Hogweed — heard of it? It’s a tall plant with “flower clusters the size of umbrellas” and it oozes toxic sap that can cause blisters, burning, scarring, and even blindness, not fun stuff. It’s a member of the carrot family and can grow 14 feet tall.
Hogweed Spreading in New York
Apparently, hogweed is spreading (yet another result of global warming?)…. New York is one place on alert about the troublesome giant hogweed (Heracleum mantegazzianum) and the NY Dept of Environmental Conservation has issued severe hogweed warnings to NY residents, alerting people to the fact that it can “cause severe skin and eye irritation, painful blistering, permanent scarring and blindness.” Here’s some useful info from CBS:
…the state’s Department of Environmental Conservation is asking for help locating outbreaks so they can send crews to destroy the toxic weed. New Yorkers should call the Giant Hogweed Hotline at 845-256-3111 to report sightings, and provide photos of potential outbreaks. But the agency warns picture takers not to get too close to the plants.
The DEC plans to send six crews totaling 14 people to visit most of the 944 known giant hogweed sites.
How Hogweed Affects You
More on the weed from Naja Kraus, a state ecologist in New York:
“It’s different because (giant hogweed) changes your skin, making it more susceptible to the sun for a number of years,” she said. It’s a condition known as photo-dermatitis, sensitivity to sunlight.
“If the sap gets on your skin, and the sun shines on your skin, especially if there’s moisture like sweat — and it needs the sun — it makes the skin unable to protect itself from sunlight, and you can get third-degree burns and blisters,” Kraus said.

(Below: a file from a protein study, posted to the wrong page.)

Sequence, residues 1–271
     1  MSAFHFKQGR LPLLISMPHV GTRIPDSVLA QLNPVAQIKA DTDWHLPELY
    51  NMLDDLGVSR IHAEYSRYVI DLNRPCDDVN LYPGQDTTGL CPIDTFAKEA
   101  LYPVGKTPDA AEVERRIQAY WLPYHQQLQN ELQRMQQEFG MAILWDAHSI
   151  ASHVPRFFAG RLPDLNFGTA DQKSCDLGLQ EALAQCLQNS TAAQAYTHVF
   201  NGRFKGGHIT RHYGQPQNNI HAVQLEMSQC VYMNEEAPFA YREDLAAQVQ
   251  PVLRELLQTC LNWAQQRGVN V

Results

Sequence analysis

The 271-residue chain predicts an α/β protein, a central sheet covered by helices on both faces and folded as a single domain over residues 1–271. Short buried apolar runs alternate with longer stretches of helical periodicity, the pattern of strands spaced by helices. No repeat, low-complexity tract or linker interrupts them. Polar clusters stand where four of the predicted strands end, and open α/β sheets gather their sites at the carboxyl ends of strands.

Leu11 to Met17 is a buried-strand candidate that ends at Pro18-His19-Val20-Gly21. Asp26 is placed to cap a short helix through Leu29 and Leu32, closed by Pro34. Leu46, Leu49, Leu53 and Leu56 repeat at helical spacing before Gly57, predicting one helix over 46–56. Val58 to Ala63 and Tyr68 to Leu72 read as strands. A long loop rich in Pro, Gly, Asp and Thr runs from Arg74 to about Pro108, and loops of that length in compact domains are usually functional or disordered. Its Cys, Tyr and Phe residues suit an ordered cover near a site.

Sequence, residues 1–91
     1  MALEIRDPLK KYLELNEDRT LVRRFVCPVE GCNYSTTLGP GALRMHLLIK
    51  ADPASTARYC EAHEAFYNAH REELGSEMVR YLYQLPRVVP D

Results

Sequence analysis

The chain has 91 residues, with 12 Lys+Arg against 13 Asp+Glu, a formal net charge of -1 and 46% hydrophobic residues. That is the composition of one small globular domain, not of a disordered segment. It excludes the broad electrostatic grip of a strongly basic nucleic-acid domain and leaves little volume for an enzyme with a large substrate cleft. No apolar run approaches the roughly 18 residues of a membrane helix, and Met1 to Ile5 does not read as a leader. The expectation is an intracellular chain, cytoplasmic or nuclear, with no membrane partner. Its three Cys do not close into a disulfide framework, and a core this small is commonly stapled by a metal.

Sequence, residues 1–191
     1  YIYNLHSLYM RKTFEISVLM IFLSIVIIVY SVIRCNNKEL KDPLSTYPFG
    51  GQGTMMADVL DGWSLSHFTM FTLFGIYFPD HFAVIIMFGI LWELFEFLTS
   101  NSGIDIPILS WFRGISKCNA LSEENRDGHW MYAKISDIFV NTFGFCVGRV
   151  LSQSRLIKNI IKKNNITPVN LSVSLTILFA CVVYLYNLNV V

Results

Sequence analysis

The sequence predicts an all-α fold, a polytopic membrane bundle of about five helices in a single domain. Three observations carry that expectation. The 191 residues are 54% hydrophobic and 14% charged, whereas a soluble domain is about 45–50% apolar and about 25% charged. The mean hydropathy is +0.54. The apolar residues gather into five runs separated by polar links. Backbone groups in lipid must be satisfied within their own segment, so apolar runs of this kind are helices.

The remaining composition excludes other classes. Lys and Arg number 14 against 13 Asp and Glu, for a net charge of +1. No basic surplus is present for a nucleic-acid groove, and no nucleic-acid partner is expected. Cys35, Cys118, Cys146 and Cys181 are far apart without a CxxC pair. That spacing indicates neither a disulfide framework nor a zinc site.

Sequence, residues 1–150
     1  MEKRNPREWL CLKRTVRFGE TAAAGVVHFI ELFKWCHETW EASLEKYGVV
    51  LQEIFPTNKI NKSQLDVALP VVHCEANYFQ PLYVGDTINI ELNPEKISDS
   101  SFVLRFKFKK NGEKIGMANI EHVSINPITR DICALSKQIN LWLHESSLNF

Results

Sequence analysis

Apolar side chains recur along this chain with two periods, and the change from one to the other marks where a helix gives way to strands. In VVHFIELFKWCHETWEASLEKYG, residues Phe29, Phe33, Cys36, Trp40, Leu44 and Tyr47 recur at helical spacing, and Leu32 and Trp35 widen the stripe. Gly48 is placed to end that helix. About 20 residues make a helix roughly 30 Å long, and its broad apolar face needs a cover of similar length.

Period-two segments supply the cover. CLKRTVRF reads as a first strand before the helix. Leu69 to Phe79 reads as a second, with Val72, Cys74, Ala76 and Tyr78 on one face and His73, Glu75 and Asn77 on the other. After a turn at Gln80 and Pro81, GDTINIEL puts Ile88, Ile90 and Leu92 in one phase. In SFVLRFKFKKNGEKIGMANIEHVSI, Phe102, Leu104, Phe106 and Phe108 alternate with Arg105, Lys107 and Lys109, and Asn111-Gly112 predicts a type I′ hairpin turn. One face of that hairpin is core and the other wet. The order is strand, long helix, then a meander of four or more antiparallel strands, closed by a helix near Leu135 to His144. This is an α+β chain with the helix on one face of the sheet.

If the sap comes into contact with the eyes, it can cause eye irritation and “can lead to blindness,” she said.
Where Giant Hogweed Grows
10 more states, other than New York, are also home to giant hogweed and have similar programs in place. The states include:
- New Hampshire
Giant hogweed often grows on the sides of roads, rivers, and streams.
Apparently, hogweed originated in the Caucasus Mountains of Russia, which are in between the Black and Caspian Seas. It arrived in the U.S. in the 19th century.
Protecting Yourself from Hogweed
More info from the NY DEC:
Looks pretty, but stay far away from it!
What to Do if You Get Hogweed Sap on You
If you do get some hogweed sap on you, these are the recommended steps (but visit the DEC’s site for more detail info):
- wash the sap off with cold water
- get out of the sunlight, or, if you can’t, put sunscreen on the location
- if it gets in your eyes, rinse them out & put on sunglasses
- of course, if you get a severe reaction, see a doctor